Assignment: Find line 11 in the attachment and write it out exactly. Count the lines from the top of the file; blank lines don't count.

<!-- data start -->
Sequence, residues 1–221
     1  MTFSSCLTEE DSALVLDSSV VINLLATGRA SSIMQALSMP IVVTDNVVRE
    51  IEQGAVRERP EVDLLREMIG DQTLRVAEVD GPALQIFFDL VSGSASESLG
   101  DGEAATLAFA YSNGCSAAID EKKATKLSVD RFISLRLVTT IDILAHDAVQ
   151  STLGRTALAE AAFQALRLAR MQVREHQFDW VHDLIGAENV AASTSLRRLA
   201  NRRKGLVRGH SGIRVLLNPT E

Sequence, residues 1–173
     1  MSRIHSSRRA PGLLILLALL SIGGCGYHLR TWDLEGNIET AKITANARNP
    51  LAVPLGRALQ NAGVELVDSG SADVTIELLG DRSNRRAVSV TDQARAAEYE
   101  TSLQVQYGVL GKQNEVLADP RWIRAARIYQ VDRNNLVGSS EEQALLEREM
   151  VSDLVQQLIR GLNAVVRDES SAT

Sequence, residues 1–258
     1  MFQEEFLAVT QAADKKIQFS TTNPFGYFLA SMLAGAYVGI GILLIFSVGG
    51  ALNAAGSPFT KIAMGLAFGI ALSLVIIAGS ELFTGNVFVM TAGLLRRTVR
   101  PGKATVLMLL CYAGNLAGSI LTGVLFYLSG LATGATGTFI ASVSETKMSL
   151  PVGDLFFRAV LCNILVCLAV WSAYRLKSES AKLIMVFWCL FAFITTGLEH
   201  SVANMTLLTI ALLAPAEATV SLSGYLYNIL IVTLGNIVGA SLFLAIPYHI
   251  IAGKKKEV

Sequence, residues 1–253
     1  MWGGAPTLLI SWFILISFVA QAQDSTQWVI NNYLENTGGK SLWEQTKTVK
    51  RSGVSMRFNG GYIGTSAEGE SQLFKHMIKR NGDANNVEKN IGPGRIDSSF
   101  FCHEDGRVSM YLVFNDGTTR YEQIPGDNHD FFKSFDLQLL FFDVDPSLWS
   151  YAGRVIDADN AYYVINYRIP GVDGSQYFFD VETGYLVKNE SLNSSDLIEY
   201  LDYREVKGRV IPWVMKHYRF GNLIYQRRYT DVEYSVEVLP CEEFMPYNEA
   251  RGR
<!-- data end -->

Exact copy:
   151  VSDLVQQLIR GLNAVVRDES SAT